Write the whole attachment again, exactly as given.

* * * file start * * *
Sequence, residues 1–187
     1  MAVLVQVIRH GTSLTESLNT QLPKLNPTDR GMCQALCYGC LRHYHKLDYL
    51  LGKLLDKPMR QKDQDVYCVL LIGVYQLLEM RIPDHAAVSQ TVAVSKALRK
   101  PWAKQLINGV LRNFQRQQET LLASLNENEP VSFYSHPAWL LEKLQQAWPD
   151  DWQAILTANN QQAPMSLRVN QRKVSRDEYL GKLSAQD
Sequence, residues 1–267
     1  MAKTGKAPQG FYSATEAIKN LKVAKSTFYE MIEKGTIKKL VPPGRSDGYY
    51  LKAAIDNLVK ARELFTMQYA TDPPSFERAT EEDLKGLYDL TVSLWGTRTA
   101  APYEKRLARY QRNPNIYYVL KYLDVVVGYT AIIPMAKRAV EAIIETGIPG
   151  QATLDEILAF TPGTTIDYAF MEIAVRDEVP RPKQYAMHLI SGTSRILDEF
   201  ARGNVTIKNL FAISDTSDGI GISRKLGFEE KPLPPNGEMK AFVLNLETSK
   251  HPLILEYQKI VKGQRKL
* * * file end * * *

Sequence, residues 1–187
     1  MAVLVQVIRH GTSLTESLNT QLPKLNPTDR GMCQALCYGC LRHYHKLDYL
    51  LGKLLDKPMR QKDQDVYCVL LIGVYQLLEM RIPDHAAVSQ TVAVSKALRK
   101  PWAKQLINGV LRNFQRQQET LLASLNENEP VSFYSHPAWL LEKLQQAWPD
   151  DWQAILTANN QQAPMSLRVN QRKVSRDEYL GKLSAQD
Sequence, residues 1–267
     1  MAKTGKAPQG FYSATEAIKN LKVAKSTFYE MIEKGTIKKL VPPGRSDGYY
    51  LKAAIDNLVK ARELFTMQYA TDPPSFERAT EEDLKGLYDL TVSLWGTRTA
   101  APYEKRLARY QRNPNIYYVL KYLDVVVGYT AIIPMAKRAV EAIIETGIPG
   151  QATLDEILAF TPGTTIDYAF MEIAVRDEVP RPKQYAMHLI SGTSRILDEF
   201  ARGNVTIKNL FAISDTSDGI GISRKLGFEE KPLPPNGEMK AFVLNLETSK
   251  HPLILEYQKI VKGQRKL